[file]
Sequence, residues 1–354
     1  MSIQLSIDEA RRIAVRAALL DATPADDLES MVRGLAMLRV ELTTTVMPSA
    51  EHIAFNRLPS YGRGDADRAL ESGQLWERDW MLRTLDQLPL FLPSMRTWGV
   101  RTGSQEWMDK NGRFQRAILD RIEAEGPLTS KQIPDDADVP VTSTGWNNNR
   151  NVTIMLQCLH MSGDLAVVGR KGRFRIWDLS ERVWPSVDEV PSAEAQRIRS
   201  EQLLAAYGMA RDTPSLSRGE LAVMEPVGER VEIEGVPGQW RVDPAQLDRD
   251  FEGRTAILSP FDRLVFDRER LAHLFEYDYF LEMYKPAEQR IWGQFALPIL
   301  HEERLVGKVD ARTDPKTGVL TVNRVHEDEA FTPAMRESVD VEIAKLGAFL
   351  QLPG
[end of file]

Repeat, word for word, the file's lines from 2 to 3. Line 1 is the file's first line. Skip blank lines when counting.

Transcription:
     1  MSIQLSIDEA RRIAVRAALL DATPADDLES MVRGLAMLRV ELTTTVMPSA
    51  EHIAFNRLPS YGRGDADRAL ESGQLWERDW MLRTLDQLPL FLPSMRTWGV